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Siwa Oasis

Title data

Serreli, Valentina ; Schiattarella, Valentina:
Siwa Oasis.
In: Oxford Bibliographies. (22 September 2021) .
DOI: https://doi.org/10.1093/OBO/9780199846733-0223

Official URL: Volltext

Abstract in another language

The Siwa Oasis is located in Egypt’s Western Desert and lies about 50 kilometers east of the Libyan border and 300 kilometers south of the Mediterranean coast. The oasis has been renowned since ancient times for the presence of a temple, built during the Twenty-Sixth Pharaonic Dynasty (664–525 BCE), which hosted the oracle of the god Ammon and allegedly attracted the visit of Alexander the Great in 331 BCE. Apart from scattered descriptions, little is known about the history of Siwa in the Middle Ages. Archaeological and linguistic research has, however, yielded useful insights on the history of the oasis, on the movements of its inhabitants, and on their contacts with the wider world, while information about life in the oasis between the 18th and the 20th centuries can be found in numerous travel accounts composed mainly by European officials, geographers, and travelers and in a few anthropological studies. Siwa was formally brought under Egyptian control in 1820 by Muhammad Ali, but it remained strongly attached to Benghazi. During the 19th century, the Sanussiyya, an Islamic sufi order with headquarters in the neighboring oasis of Al-Jaghbub, acquired considerable political power, and it played an important role in the effective incorporation of Siwa into Egypt during the 19th and the 20th centuries. Today, Siwa and the smaller oasis of El-Gara, which lies about 100 km to the northeast, form a municipality within the Governorate of Marsa Matruh, with over 31,000 inhabitants (2019 official census by the Central Agency for Public Mobilization and Statistics). The municipality hosts the easternmost Berber-speaking community, whose language, called Siwi, shares many linguistic features with the languages of Sokna and El Fogaha in Libya, partially also with the Zenati group, and which has been heavily influenced by Arabic. While the majority of the population of Siwa is Berber, the oasis is also home to a Bedouin community related to the Awlad Ali, the Shahibaat, as well as to a growing number of other Egyptian settlers. Currently the entire population of the oasis speaks Arabic as either a first or a second language. For centuries, the economy of the oasis relied almost exclusively on its natural and agricultural resources, specifically on its abundant spring water and date palms as well as the fine fruits from the latter, which are central to the life of the community. More recently, however, tourism and its corollary activities have gained considerable importance in Siwa’s economy, and they have contributed to redistributing wealth within the community and reshaping the landscape of the oasis.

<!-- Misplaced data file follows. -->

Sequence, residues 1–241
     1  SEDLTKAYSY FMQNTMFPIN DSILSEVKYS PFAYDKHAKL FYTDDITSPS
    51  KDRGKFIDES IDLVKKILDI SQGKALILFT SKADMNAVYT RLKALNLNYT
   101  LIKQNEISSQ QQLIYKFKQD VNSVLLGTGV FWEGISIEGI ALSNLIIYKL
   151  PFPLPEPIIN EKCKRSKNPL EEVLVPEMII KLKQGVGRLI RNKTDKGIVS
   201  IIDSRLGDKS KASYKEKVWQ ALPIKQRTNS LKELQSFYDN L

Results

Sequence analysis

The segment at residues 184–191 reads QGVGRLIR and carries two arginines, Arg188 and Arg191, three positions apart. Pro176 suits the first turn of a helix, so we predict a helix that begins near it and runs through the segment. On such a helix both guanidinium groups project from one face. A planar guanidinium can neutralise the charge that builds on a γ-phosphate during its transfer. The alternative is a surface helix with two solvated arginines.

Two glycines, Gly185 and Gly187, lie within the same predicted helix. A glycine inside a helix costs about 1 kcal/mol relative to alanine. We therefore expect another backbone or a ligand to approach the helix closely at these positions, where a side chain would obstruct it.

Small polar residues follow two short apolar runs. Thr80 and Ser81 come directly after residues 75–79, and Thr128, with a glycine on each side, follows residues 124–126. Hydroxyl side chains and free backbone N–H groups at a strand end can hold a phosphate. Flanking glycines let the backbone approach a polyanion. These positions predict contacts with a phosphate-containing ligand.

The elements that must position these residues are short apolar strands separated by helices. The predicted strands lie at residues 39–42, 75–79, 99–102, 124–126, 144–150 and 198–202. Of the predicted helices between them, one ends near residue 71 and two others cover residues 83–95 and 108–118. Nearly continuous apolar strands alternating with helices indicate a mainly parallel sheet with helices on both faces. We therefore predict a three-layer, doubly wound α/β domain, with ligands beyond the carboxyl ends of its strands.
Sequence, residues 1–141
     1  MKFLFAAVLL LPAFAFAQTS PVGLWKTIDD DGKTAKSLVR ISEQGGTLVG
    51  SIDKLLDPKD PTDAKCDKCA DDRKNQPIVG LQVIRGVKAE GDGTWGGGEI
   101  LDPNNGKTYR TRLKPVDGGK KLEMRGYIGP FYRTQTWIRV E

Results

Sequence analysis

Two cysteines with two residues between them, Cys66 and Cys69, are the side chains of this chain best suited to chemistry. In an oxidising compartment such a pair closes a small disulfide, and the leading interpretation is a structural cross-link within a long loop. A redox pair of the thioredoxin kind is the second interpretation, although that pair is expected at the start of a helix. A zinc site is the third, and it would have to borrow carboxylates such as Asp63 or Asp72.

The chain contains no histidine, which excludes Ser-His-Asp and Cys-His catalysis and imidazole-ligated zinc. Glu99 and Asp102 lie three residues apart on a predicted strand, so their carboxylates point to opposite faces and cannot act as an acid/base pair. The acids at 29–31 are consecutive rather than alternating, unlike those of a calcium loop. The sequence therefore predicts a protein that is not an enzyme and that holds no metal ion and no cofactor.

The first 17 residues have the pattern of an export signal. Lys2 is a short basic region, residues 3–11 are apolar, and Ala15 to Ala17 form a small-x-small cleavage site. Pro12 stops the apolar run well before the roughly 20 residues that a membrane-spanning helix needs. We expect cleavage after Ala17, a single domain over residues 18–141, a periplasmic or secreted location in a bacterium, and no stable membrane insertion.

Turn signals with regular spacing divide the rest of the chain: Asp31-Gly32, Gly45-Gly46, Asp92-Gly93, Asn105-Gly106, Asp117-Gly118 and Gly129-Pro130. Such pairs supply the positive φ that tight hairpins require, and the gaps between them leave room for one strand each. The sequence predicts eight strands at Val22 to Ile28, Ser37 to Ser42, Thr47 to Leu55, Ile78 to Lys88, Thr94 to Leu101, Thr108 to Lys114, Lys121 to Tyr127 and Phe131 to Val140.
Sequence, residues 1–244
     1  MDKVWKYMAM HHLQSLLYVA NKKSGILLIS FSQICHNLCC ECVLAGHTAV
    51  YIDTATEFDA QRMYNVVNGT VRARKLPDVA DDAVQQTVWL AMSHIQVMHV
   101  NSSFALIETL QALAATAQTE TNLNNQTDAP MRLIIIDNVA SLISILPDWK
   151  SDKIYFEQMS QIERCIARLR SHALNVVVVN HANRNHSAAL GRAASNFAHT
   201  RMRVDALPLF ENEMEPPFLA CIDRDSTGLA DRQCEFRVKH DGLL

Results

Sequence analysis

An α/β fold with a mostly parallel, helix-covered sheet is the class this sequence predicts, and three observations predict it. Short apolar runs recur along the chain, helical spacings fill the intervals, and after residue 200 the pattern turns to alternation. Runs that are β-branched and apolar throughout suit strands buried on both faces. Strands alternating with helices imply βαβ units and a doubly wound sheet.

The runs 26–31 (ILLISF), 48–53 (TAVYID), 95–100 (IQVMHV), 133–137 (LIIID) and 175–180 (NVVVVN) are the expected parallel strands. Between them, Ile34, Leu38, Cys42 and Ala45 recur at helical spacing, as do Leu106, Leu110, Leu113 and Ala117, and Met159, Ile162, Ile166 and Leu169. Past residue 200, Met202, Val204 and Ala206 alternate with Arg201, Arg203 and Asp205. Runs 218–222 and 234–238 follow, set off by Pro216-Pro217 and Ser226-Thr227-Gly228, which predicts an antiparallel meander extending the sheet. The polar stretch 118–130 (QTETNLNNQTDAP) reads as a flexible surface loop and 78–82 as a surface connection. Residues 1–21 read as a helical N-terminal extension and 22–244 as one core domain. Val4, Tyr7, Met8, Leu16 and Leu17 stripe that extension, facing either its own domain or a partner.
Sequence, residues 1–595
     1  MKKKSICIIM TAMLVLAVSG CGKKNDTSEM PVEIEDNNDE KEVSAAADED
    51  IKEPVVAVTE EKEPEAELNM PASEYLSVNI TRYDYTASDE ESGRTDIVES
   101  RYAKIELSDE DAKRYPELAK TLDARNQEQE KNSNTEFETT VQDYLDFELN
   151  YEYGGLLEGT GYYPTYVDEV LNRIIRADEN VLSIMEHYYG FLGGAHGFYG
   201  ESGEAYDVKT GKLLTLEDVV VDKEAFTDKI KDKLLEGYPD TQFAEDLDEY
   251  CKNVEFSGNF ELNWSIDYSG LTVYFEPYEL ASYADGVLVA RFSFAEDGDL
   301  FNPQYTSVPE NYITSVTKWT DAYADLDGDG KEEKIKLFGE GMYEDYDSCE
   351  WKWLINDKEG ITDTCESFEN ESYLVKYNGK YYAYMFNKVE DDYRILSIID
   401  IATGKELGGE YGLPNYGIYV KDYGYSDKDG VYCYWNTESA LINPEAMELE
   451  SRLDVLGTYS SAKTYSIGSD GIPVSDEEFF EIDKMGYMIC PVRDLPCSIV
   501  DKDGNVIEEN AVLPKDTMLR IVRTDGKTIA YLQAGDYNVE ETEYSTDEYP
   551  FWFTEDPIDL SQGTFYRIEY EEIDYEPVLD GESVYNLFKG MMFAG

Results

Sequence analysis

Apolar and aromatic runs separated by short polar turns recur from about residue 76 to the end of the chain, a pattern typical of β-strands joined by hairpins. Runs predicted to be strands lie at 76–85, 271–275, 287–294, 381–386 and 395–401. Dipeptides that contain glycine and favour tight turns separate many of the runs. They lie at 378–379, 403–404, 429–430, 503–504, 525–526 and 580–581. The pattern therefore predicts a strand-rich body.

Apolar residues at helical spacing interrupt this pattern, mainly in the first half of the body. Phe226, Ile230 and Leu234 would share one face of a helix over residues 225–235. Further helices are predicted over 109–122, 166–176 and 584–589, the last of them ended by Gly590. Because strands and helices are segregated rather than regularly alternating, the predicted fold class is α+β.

Further data

Item Type: Article in a journal
Refereed: No
Keywords: Siwa Oasis; African Studies; Bibliography
Institutions of the University: Faculties > Faculty of Languages and Literature > Junior Professor Arabic Studies > Junior Professor Arabic Studies - Juniorprof. Dr. Valentina Serreli
Result of work at the UBT: Yes
DDC Subjects: 000 Computer Science, information, general works > 010 Bibliography
300 Social sciences > 300 Social sciences, sociology and anthropology
300 Social sciences > 390 Customs, etiquette, folklore
400 Language > 410 Linguistics
400 Language > 490 Other languages
900 History and geography > 910 Geography, travel
900 History and geography > 930 History of ancient world (to ca. 499), archaeology
900 History and geography > 960 History of Africa
Date Deposited: 12 Nov 2021 07:21
Last Modified: 12 Nov 2021 07:23
URI: https://eref.uni-bayreuth.de/id/eprint/67141